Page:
By LA Weekly
By Henry Rollins
By Weekly Photographers
By Shea Serrano
By Nate "Igor" Smith
By Dan Weiss
By Erica E. Phillips
By Kai Flanders
KOOL KEITH Black Elvis/Lost in Space (Ruffhouse/Columbia)
Imagine a world where a rap album didn't come chock-full o' stereotypical skits, 187 "special guest" appearances -- 'cause the guy whose name is on the cover couldn't hold his own mama's attention for more than 15 minutes -- crossover-minded pop samples, the words bitches, ho'sand fuck, all that laughing gas about keepin' it real, and none of that kozmik yas-yas about universal anything, either. Kool Keith just made that record.
Who? Born Keith Thornton, Kool Keith's career stretches back to the Ultramagnetic MCs, where his delivery of the line "Smack my bitch up" in "Give the Drummer Some" gave Prodigy the germ of a song and a certain amount of controversy. After recording three Ultramagnetic MCs albums for three different labels in six years (198893), Keith exploded into the pop consciousness as the psychosexual protagonist of Dr. Octagon's XXX-rated Dr. Octagonecologyst CD. Earlier this year, Keith's latest persona, Dr. Dooom, unleashed the First Come, First Served album, complete with a greazy, burger-in-your-face parody of the glitzy cover art that spells C-L-I-C-H-É these days. Yeah, he's a funny guy -- and so are all those stories about him blowing his advances on lap dances.
For this, his first album under the Kool Keith moniker, the South Bronx rapper drops the sex talk in favor of Old School braggadocio that spotlights his high-speed, staccato flow. Witness his blazing phrasing, dancing in, out and around the drum-machine breakdowns on "Master of the Game," or his equally swift, let-me-spell-it-out-for-you diss on "Maxi Curl." In keeping with the futuristic Afrolistics of the album's title -- although there's only a passing reference to his being the "Black Elvis" -- Keith sets his jet stream of unusual images and offbeat rhymes to some exceptionally minimalistic electronic funk, adding and subtracting layers of cheesy sci-fi sound effects (oceans of reverb, stereo panning, sonic blips, bleeps, squeaks and skronks, filtered voices and control-tower chatter) from one song to the next. The loop of the girl laughing that keeps undercutting the me-so-macho "Keith Turbo" is more atypical, but no less effective.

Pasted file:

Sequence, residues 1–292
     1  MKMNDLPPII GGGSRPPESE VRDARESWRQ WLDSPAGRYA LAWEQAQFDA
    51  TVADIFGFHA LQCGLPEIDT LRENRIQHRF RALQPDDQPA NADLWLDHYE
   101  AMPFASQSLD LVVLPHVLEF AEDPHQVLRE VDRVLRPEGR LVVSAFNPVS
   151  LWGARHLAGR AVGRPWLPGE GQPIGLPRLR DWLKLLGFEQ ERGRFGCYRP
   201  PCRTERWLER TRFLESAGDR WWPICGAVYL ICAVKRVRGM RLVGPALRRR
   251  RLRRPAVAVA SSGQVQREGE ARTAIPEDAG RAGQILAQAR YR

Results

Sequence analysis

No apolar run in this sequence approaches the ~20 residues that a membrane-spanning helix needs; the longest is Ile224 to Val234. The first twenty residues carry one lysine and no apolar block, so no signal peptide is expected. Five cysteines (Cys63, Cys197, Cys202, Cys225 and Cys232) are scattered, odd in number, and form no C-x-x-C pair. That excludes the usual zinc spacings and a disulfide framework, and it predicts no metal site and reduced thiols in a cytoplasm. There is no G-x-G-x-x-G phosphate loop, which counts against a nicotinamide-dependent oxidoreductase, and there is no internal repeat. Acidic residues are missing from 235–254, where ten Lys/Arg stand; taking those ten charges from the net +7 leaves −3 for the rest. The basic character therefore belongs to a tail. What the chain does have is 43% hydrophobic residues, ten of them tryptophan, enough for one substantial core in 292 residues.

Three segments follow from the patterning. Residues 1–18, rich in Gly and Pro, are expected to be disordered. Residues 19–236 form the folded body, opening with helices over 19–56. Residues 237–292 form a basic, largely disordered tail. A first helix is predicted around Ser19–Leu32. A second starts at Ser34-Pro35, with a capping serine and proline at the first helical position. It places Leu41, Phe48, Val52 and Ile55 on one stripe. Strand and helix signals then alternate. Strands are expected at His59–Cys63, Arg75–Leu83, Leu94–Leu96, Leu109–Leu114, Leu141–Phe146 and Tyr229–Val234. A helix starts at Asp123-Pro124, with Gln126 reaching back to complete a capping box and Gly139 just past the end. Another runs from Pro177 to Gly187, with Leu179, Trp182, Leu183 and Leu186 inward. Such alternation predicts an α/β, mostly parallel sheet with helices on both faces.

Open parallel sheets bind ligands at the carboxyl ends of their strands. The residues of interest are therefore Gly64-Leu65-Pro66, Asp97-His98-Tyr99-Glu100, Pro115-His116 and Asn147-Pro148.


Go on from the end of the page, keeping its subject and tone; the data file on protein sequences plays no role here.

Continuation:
"I'm Seein' Robots" (in the form of gold-digging hootchies) and "The Girls Don't Like the Job" ('cause the boss man -- guess who? -- is a tyrant whose schemes include establishing a new NBA team, "the Baldwin Hills Spacemen") are weirder than Spock's beard, but Kool Keith cracks wisest on the industry beat-downs, "Release Date" and "Intro." No joke.